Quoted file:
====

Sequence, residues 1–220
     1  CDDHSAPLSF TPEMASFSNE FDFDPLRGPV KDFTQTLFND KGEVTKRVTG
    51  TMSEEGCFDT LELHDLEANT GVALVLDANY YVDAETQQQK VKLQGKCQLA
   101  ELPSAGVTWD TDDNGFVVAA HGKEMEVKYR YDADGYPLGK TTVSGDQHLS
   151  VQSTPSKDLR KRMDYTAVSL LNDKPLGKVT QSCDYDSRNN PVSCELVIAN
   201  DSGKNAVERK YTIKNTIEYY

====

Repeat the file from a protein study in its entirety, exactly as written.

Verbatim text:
Sequence, residues 1–220
     1  CDDHSAPLSF TPEMASFSNE FDFDPLRGPV KDFTQTLFND KGEVTKRVTG
    51  TMSEEGCFDT LELHDLEANT GVALVLDANY YVDAETQQQK VKLQGKCQLA
   101  ELPSAGVTWD TDDNGFVVAA HGKEMEVKYR YDADGYPLGK TTVSGDQHLS
   151  VQSTPSKDLR KRMDYTAVSL LNDKPLGKVT QSCDYDSRNN PVSCELVIAN
   201  DSGKNAVERK YTIKNTIEYY